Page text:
Vascular Surgery Curriculum for Medical Students: A National Targeted Needs Assessment. Annals of vascular surgery Dorsey, C., McKenzie, N., Milner, R., Lee, J., Schindler, N. 2021


OBJECTIVE: At present, neither theAmerican College of Surgeons (ACS) nor the Society for Vascular Surgery (SVS) provides curriculum recommendations for medical students rotating on a vascular surgery service. We sent a targeted needs assessment to vascular surgeons across the country in order to investigate the need for a structured curriculum for medical students participating in a vascular surgery rotation during their clinical clerkships.METHODS: The survey was developed with input from medical students, vascular surgeons, and medical educators. Respondents were identified from the Fellowship and Residency Electronic Interactive Database (FREIDA). The needs assessment was sent to program directors of vascular residencies and fellowships and to other vascular surgery educators. The survey collected data regarding the existing vascular surgery curriculum at the respondent's institution, the need for a standardized curriculum, desired experiences for medical students, and important vascular topics for medical students to cover while on rotation.RESULTS: Responses were obtained from 50 of the 146 surveyed individuals (response rate?=?34.2%). Forty-eight respondents (96%) worked in an academic hospital or academic affiliated hospital. With regard to the existing vascular surgery curriculum, only twenty-eight respondents (61%) indicated that they had a curriculum approved by the surgery clerkship director. Thirty-seven respondents (77.1%) said there were at least goals and objectives for students on the vascular surgery service, and 29 respondents (60.4%) indicated that there was dedicated time for didactic sessions. Only 17 respondents (35.4%) indicated students gave a case presentation on the service. Twenty-nine respondents (63%) agreed or strongly agreed that there should be a standardized vascular curriculum for medical students. When asked to rank nine topics from most important to least important for students to learn, respondents ranked peripheral arterial disease, aortic disease, and carotid disease highest. Simulation experience was most frequently indicated as a desired addition to the curriculum, and only 16 respondents (33.3%) reported opportunities for vascular surgery specific simulation experiences.CONCLUSIONS: This study identified the lack of an existing structured curriculum for medical students, the desire for a standardized curriculum, and key topics and experiences that are felt to be important for students to cover. With this information in hand, vascular educators have the potential to enhance the learning experience of medical students rotating through the service by developing a standardized curriculum.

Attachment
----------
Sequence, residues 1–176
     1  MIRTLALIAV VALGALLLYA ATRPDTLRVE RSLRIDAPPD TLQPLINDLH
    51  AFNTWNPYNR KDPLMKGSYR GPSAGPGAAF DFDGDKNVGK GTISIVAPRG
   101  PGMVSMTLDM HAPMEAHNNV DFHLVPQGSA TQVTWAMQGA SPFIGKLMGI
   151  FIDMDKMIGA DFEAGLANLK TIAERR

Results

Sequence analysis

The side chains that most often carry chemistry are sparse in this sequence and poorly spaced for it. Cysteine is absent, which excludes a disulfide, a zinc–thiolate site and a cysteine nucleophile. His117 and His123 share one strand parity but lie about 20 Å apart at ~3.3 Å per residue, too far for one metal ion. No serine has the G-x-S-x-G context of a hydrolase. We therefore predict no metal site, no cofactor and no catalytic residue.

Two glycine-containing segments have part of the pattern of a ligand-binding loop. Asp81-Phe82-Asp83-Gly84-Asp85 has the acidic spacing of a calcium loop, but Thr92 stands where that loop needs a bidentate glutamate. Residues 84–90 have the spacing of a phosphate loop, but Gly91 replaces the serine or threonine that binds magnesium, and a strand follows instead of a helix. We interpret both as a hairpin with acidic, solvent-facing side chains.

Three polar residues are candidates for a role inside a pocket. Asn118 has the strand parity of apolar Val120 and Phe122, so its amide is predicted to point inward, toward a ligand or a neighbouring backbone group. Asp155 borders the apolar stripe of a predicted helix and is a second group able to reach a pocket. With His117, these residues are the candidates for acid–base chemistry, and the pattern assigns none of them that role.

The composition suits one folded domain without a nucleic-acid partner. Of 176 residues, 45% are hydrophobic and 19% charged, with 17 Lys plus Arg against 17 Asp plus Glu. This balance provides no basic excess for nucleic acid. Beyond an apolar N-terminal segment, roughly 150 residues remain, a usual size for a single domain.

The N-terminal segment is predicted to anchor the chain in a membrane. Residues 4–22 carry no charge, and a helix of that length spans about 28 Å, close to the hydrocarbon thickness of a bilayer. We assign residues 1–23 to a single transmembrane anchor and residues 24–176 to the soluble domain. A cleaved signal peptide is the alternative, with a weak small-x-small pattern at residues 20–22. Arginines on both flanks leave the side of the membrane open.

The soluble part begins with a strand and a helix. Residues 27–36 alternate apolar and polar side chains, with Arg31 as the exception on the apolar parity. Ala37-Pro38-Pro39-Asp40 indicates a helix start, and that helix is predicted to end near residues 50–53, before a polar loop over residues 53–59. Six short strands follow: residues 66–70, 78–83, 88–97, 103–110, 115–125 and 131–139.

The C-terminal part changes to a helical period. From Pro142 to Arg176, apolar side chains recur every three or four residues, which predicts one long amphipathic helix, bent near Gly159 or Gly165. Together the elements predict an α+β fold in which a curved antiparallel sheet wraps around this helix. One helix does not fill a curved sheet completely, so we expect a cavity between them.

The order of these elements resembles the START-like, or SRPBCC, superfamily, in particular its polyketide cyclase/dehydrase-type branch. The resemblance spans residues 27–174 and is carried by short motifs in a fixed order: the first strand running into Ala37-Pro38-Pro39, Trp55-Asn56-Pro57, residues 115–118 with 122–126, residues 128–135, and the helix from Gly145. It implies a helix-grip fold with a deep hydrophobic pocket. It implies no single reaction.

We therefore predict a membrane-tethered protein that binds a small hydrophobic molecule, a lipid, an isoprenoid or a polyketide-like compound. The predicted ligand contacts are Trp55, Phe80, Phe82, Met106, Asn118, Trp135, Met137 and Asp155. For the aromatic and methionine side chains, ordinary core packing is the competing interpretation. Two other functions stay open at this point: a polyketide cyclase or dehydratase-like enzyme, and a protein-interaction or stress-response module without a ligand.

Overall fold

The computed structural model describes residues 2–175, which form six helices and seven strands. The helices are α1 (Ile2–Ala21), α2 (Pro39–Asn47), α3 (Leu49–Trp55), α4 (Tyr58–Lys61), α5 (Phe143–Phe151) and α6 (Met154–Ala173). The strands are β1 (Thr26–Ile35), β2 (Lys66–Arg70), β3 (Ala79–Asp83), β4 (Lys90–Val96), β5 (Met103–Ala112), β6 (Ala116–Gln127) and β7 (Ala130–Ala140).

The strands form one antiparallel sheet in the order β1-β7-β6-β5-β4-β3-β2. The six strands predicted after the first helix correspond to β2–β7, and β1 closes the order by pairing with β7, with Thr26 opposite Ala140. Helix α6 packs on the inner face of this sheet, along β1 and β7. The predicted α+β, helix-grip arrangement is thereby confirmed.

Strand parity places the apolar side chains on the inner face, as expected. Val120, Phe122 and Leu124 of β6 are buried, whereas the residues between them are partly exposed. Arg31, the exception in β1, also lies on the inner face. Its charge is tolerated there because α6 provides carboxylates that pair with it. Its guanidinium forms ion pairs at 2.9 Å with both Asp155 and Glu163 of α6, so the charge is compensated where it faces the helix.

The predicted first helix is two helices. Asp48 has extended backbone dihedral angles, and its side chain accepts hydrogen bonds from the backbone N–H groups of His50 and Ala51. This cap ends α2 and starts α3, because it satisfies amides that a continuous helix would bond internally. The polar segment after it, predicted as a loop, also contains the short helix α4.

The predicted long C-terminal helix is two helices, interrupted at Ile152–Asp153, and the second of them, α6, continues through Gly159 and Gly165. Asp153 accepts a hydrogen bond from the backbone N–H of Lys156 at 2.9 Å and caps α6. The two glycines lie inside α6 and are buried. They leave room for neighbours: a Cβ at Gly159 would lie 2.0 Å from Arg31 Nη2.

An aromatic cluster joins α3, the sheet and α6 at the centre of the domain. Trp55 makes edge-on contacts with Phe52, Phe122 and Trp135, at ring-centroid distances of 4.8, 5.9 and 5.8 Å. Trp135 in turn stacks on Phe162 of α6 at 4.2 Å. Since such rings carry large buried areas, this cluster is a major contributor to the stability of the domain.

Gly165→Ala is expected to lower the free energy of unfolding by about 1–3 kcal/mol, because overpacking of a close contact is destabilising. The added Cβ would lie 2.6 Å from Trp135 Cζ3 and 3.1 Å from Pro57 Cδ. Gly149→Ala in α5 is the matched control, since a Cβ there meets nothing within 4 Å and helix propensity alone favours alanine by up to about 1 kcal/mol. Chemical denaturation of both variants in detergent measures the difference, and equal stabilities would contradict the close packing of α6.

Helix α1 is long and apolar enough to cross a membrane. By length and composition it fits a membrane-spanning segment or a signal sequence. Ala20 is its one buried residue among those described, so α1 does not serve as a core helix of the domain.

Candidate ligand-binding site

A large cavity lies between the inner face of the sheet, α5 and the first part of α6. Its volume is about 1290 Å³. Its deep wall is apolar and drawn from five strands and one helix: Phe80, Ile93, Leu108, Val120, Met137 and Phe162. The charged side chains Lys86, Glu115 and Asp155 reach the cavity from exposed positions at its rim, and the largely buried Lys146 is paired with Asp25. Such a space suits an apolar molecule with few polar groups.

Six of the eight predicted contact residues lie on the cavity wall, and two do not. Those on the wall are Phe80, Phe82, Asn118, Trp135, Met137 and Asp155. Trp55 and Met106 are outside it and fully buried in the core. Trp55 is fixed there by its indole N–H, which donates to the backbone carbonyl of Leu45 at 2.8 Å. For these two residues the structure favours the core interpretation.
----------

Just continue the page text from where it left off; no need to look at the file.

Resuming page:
View details for DOI 10.1016/j.avsg.2021.08.040

View details for PubMedID 34688874